José Elías García Sánchez and Enrique García Sánchez
Departamento de Medicina Preventiva, Salud Pública y Microbiología Médica. Facultad de Medicina. Universidad de Salamanca (Spain).
Correspondence:José Elías García Sánchez. Facultad de Medicina. Alfonso X El Sabio s/n. 37007 Salamanca (Spain).
Received 20 October 2006; accepted 26 October 2006
This issue closes the second volume of the Journal of Medicine and Movies and hence its second year of publication. In light of this, the editors have considered it of interest to reflect upon the progress of the journal.
We believe that the aims that we set forth in the first issue1 continue to be valid and that they have been more than met. Over these past two years, we have published an editorial comment, eight editorials, thirty-two articles, and three contributions in the medicine in film stills section. The content of the editorials and articles has been varied and we only wish to highlight that there has been an important contribution to the field of health education using the cinema2-5. In compiling their articles, our authors have used very diverse schemes, a sign of the creative possibilities fostered by a publication of this type. Thus, analyses of groups of films or single films have been offered, and although there has been a predominance of comments addressing health aspects, our authors have sometimes assessed the cinematographic quality of films with medical contents. On some occasions the same film has been subject to critique by different authors, reflecting the manifold ways in which it is possible to analyse the cinema, as occurs with non-medical film criticism6-7.
Although our aim is to continue with the current scheme of editorial, original articles, editors’ forums and medicine in film stills, the inclusion of the latter has led us to appreciate that the possibilities of drafting articles are huge and these will undoubtedly appear in forthcoming issues. Some of them, of great potential interest, may involve the use of some parts of a script, or may address the impact of censorship on reflections about falling ill, the changes made in pathologies appearing in remakes…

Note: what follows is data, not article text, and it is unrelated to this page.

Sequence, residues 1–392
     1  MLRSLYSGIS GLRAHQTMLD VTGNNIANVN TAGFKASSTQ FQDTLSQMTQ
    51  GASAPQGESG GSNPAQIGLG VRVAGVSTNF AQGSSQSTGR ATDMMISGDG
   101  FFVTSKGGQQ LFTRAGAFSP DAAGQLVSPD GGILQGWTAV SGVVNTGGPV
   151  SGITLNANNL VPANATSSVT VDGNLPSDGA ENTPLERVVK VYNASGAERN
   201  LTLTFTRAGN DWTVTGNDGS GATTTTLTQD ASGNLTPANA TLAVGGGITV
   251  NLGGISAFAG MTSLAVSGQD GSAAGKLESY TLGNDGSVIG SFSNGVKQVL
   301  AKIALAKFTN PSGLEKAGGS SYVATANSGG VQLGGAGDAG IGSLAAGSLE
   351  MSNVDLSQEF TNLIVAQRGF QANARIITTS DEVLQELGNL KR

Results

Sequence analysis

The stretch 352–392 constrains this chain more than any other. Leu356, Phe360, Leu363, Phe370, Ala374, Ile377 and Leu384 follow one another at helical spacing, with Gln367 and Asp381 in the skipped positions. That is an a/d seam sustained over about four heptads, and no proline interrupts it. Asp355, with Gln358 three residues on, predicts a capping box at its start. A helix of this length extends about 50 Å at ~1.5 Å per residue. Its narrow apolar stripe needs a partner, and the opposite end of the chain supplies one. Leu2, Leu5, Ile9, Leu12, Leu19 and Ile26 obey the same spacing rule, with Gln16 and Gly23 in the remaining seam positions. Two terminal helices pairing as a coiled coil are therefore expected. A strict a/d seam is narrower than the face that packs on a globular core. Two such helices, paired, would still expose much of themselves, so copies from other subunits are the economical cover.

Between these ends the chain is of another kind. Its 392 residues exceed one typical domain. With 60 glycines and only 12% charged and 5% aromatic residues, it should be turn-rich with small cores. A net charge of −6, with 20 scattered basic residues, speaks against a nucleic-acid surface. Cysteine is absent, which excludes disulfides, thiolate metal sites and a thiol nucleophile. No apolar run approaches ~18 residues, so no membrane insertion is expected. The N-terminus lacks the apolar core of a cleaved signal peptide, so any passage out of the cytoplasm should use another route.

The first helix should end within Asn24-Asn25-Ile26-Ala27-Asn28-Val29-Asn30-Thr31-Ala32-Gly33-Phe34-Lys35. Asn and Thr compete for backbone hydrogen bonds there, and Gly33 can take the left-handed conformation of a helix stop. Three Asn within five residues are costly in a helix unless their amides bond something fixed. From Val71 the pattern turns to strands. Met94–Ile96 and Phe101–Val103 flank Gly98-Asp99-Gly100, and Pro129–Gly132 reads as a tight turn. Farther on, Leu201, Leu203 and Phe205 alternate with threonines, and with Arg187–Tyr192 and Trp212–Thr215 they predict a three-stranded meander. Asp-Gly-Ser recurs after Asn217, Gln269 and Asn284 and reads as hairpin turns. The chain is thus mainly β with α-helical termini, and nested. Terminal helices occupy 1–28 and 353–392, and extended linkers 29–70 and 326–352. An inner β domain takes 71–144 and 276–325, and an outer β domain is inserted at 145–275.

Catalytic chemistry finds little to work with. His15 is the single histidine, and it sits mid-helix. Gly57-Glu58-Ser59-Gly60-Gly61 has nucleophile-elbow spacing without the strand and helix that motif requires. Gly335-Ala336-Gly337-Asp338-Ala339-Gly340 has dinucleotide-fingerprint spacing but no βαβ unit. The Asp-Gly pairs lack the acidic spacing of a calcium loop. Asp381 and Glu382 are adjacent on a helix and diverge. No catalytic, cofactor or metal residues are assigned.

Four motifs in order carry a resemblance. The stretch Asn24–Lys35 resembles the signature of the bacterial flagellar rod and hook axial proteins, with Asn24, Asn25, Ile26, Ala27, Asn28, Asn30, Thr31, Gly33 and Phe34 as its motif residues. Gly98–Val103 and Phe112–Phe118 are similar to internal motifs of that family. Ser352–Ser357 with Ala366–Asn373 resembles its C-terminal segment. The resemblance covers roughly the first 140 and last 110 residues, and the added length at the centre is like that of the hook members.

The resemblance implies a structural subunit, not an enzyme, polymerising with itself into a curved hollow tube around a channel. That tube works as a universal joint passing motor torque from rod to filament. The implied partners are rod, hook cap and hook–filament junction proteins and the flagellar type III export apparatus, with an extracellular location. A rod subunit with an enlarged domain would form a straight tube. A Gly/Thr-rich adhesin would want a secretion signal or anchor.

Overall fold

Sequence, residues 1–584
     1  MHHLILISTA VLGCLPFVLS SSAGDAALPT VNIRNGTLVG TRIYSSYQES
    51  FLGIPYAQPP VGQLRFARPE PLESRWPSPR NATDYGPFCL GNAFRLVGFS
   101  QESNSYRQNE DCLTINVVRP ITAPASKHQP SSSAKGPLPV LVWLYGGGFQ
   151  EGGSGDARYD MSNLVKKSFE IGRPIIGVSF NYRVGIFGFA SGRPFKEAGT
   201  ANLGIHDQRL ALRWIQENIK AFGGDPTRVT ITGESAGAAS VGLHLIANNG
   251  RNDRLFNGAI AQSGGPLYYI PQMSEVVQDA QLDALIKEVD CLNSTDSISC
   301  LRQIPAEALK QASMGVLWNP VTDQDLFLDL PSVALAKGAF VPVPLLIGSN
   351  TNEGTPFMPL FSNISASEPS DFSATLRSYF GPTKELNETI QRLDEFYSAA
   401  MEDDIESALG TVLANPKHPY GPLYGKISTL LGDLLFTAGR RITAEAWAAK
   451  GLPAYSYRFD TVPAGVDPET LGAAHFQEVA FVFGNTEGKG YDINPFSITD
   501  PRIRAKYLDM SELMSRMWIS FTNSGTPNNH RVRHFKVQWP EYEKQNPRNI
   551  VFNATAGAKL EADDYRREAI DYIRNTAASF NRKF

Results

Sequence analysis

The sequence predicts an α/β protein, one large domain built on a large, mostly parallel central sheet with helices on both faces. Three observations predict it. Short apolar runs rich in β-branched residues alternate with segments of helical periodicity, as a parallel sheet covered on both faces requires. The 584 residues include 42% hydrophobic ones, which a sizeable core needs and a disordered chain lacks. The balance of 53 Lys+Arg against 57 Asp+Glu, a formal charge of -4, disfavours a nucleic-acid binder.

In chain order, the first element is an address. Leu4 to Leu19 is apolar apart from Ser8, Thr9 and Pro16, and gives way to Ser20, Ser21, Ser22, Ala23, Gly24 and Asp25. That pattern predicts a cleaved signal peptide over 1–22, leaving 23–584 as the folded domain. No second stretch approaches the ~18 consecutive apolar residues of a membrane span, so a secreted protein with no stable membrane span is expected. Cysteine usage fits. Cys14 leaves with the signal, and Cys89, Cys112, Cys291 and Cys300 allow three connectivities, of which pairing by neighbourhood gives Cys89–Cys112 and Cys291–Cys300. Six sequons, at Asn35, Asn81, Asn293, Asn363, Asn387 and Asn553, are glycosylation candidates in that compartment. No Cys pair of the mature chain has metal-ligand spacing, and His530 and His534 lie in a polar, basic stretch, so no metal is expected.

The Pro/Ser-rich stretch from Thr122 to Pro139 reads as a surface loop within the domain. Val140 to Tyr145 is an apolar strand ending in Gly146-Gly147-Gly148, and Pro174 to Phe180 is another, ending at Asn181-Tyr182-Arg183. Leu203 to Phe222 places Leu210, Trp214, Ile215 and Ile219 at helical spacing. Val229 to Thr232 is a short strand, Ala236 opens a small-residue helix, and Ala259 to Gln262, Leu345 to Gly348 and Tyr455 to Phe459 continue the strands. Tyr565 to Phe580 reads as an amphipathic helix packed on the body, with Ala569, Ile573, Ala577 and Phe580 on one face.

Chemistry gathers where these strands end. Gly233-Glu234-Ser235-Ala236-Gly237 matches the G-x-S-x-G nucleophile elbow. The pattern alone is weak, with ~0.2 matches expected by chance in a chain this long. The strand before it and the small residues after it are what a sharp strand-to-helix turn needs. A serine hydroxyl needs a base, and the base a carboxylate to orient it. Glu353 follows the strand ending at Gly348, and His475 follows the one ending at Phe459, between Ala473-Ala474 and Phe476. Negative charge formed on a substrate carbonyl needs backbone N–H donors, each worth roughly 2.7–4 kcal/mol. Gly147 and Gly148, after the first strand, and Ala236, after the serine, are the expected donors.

We consider that it is again necessary to thank Ediciones Universidad de Salamanca and those directing it for the support we have always benefited from since the inception of the Journal. We are proud to publish the journal under the auspices of the oldest printing house in Spain.
In many respects, the idea continues to seem novel. Since the journal is bilingual, this means that its readership is potentially very broad, even though it does not offer Cervantes’s Spanish or Shakespeare’s English. Since its electronic distribution and acquisition are free, its diffusion should be favoured. That the themes addressed are of interest to physicians and other health-related professionals is unquestionable. Thus, for many years we have seen professional medical journals that from time to time, and increasingly so, have included quality articles about medicine and the cinema. What is we hope is refreshing about our endeavours is that we gather such quality articles into a single publication devoted specifically to them.
The Journal of Medicine and Movies is not merely yet another publication but one that exalts medical-humanist issues. The main objective of a journal of this type is to educate and inform, to awaken a critical spirit and foster observational skills and to facilitate the expression of the abilities and preoccupations of one segment of the health sector (physicians, pharmacists, veterinarians, nursing staff, those undergoing rehabilitation, paramedics, biochemists, biologists and many more). Also (and why not indeed?), the journal is also directed towards people outside the health sphere who wish to gain insight into the role of medicine in the cinema. For most professionals, what is important is their work, such that we are aware that there may be great interest in reading the journal but less in publishing in it.
It is also most gratifying for us to inform readers about the course of our affairs. Regarding readers in 2005, we detected 8000 “hits” while the estimation for 2006 is 12,000, all for a journal with no PR although it is true that there are now other references to it on the Internet that are undoubtedly facilitating its diffusion. From 100% of readers in Spain we have now passed to a little more than 75%. Readers from non- Spanish nationality mainly come, in the following order, from Argentina, Mexico, the United States, Colombia, Peru, Chile and Brazil. The results may appear insufficient for some but not for us.
Two additional details merit comment. The first is that the journal has consistently appeared on or around the publication dates foreseen and the second is the request for the journal to be included in some databases.
During the first year of the journal, the Editorial team worked hard -much merit is due for this- at starting it up, either directly or by inviting researchers from the University of Salamanca to contribute. The situation soon changed and currently there is a fluid and spontaneous influx of articles. Many of these have already passed the peer-review stage and will appear in forthcoming issues. The editors of a publication that aims at offering an international forum consider it positive that an important number of contributions should come from countries other than that hosting the Editorial Board.
This, then, is the balance for two years of Journal of Medicine and Movies, a journal with no lucrative ends that is aimed directly at the reader and potential contributor.